Yasiel Puig will win the National League's MVP award. Considering that in 2014 he had minus-2 defensive WAR, 2 Defensive Runs Saved and a minus-2.3 Ultimate Zone Rating -- meaning he was effectively a league average to slightly below-average defender -- think about what that means in terms of his offense.
This will be the first season since 2009 that Troy Tulowitzki plays in at least 145 games.
Freddie Freeman will finish the season one of the 10 highest-scoring hitters, using ESPN's standard points-league settings.
Stephen Strasburg will win the National League's Cy Young Award.
Remember those 80-steal expectations that optimistic fantasy owners had for Billy Hamilton? This season they'll come to fruition, as he steals at least 25 more bases in 2015 than in 2014, making him the first player to reach the 80-steal plateau since Vince Coleman and Rickey Henderson in 1988.
Kole Calhoun will lead the majors in runs scored.
While everyone claims he'll miss time due to injury, Johnny Cueto will make another 30-plus starts and finish among the top 10 starters on the Player Rater for the second consecutive season.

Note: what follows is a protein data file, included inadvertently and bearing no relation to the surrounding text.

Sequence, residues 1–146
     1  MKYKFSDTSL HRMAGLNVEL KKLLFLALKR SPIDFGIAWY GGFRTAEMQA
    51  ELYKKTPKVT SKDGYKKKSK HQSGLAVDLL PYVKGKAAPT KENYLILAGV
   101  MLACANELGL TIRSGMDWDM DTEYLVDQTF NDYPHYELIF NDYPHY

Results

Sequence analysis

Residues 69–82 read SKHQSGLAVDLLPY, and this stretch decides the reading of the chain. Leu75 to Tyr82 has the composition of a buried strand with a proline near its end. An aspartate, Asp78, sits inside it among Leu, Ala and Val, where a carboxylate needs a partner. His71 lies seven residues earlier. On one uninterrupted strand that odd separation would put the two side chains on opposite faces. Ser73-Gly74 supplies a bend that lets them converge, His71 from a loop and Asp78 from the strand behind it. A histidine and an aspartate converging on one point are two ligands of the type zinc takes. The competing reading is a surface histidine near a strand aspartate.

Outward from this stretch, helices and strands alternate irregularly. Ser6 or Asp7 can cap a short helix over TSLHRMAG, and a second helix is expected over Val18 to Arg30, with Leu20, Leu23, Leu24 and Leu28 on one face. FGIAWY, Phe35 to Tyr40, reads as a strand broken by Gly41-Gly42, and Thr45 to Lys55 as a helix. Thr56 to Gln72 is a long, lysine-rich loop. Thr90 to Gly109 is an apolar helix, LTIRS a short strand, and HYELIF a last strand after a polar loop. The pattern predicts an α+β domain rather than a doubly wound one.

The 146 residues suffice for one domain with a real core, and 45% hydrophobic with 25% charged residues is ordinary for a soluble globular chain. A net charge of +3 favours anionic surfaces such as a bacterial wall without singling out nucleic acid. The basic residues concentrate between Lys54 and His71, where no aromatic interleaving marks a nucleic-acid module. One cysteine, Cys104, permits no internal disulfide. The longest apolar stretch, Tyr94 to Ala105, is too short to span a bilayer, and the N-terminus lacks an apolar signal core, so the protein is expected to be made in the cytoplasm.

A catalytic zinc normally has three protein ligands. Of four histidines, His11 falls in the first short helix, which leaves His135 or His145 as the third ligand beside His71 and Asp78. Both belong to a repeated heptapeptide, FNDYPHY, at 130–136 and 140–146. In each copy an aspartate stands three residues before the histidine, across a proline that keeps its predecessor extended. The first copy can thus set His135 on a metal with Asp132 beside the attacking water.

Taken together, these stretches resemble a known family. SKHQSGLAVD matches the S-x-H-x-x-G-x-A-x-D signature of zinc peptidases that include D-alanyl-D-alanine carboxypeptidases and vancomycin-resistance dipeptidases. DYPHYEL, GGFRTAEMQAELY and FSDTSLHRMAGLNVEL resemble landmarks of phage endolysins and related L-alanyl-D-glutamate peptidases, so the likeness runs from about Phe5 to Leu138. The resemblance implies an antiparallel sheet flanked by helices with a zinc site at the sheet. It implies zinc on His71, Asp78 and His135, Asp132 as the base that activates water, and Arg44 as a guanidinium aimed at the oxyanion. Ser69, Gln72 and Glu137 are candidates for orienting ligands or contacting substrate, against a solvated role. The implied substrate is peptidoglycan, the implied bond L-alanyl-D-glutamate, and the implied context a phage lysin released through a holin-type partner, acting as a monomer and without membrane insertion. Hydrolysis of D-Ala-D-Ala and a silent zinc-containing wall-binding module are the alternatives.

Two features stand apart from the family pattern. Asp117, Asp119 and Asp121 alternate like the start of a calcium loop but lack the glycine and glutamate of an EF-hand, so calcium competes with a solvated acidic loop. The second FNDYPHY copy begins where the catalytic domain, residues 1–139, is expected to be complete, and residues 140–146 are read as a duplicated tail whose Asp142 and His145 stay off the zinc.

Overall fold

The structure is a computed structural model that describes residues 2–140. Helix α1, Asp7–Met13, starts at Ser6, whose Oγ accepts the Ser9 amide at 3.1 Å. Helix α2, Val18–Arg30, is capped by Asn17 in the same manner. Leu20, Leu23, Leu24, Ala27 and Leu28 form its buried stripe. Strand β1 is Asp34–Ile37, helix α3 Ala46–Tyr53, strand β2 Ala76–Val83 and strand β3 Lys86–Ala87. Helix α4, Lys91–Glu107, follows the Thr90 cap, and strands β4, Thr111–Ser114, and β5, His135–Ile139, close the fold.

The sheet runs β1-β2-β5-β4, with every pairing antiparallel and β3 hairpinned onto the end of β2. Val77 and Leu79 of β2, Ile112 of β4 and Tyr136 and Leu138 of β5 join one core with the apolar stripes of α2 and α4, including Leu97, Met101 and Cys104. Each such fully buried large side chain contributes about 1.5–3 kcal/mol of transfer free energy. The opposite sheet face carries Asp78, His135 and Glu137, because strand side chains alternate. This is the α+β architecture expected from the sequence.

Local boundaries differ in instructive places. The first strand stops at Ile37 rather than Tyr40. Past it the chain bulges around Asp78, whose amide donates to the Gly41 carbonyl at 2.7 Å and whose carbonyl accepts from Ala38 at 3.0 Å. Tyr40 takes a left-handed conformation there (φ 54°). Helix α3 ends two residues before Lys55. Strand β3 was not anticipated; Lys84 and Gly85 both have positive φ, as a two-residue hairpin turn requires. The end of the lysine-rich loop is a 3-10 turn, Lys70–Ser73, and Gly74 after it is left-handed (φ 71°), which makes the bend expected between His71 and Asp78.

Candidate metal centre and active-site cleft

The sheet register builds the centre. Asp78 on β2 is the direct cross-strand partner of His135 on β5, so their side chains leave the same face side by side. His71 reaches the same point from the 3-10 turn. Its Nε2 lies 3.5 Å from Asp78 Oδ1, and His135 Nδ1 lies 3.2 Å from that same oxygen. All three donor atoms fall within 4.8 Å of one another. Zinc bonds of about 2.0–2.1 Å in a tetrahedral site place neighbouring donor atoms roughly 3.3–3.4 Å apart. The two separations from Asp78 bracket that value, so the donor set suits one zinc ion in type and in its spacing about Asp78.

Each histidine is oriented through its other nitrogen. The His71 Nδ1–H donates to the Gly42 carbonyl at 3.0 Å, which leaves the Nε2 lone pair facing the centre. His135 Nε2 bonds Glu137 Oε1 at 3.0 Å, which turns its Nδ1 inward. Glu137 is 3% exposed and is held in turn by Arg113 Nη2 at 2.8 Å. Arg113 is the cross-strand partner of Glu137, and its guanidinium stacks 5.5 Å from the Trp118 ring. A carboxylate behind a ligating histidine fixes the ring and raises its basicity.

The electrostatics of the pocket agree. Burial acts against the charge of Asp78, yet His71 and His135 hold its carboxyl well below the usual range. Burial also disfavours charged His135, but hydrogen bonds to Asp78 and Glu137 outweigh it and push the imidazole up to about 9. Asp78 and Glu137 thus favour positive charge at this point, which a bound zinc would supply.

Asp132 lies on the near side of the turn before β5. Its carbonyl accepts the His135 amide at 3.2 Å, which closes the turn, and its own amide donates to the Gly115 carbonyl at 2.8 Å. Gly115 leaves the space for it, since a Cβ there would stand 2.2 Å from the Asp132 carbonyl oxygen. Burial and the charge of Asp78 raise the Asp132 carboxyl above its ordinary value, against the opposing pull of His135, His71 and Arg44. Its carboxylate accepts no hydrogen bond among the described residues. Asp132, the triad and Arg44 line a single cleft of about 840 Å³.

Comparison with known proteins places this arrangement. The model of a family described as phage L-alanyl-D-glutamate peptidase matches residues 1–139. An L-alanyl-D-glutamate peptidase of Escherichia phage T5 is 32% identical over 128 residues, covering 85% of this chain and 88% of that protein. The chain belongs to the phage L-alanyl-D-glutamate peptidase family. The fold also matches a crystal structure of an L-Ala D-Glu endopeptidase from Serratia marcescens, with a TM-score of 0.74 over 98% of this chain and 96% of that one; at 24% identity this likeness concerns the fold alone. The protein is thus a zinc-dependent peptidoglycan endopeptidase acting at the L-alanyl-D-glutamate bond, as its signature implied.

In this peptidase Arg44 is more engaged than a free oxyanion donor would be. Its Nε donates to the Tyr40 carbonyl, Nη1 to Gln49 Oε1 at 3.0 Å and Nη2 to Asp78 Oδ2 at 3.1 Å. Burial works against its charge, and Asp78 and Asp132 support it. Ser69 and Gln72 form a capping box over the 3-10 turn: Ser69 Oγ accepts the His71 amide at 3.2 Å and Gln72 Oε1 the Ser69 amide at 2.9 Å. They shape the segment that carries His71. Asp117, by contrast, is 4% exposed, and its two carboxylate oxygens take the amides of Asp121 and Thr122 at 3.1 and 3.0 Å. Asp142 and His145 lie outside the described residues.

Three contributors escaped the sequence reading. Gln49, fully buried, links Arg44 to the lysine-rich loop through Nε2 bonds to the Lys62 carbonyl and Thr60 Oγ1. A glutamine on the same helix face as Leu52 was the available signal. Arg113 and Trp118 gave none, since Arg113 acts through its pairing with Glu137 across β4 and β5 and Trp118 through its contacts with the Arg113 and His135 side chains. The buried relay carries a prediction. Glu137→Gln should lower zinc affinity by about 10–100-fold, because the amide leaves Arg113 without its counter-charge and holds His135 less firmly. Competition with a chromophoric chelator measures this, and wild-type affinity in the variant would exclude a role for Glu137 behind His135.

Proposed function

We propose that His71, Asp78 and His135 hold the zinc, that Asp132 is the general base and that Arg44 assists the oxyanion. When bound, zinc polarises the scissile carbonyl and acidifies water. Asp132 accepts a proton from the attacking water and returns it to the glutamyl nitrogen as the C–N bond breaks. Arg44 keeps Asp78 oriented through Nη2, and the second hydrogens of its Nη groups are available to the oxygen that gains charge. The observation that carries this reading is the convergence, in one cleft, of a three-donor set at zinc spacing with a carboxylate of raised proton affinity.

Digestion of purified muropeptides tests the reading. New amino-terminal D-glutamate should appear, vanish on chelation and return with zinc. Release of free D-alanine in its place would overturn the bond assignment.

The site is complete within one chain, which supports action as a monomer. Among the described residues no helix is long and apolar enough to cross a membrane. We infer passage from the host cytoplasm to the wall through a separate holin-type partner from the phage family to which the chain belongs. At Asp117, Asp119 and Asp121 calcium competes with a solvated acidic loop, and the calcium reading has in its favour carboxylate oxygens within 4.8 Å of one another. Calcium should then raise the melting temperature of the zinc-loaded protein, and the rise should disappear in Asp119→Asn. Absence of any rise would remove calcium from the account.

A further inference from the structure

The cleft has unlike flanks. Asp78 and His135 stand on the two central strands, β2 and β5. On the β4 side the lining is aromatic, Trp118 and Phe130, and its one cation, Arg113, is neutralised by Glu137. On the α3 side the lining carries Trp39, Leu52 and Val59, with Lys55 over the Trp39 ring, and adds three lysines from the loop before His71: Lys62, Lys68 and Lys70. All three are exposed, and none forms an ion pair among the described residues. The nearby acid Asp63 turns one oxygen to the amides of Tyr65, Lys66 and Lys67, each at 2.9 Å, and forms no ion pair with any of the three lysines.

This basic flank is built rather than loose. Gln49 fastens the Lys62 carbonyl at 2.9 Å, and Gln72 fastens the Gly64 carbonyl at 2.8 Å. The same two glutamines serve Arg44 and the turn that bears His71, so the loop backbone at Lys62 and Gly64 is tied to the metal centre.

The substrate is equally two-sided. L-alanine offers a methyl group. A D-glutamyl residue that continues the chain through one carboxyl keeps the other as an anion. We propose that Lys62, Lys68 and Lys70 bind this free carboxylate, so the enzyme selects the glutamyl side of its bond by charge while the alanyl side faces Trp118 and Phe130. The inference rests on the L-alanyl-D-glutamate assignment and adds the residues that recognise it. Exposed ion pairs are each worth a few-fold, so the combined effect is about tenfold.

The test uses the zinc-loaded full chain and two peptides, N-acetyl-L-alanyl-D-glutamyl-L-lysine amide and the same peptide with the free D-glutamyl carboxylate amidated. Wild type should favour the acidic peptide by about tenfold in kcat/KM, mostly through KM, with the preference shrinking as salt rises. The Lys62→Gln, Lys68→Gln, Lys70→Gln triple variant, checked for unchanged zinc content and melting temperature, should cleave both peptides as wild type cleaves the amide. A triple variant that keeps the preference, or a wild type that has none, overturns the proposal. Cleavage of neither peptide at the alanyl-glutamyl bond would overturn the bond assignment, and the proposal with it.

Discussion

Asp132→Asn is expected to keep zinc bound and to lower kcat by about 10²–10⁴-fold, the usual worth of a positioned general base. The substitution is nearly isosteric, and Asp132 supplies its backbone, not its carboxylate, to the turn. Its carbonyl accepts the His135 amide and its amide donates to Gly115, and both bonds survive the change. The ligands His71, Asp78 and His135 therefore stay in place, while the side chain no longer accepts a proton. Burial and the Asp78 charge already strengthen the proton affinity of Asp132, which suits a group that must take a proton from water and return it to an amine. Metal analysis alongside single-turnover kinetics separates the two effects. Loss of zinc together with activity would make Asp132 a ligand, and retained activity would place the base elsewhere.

Cueto will also complete said season with the Cleveland Indians, getting traded there in the final week of July and making him by far the biggest AL-only league FAAB prize of 2014. Better yet: The Indians will land him without having to surrender top prospect Francisco Lindor.
Masahiro Tanaka will finish higher on the Player Rater than he did in 2014; he was the No. 27 starting pitcher and No. 116 player overall last season. In fact, he'll make at least 25 starts, five more than last season.
Yan Gomes will lead all catchers in home runs.
Kris Bryant will still be with Triple-A Iowa on April 17 . . . and April 20 . . . and April 25 . . . and ... May 10! He'll make his big league debut in the May 11 opener of a seven-game homestand, and will still hit 20 home runs.
Among the 68 pitchers who made at least 30 starts in 2014, Kyle Gibson will enjoy the largest increase in strikeouts, adding at least 40 to his total.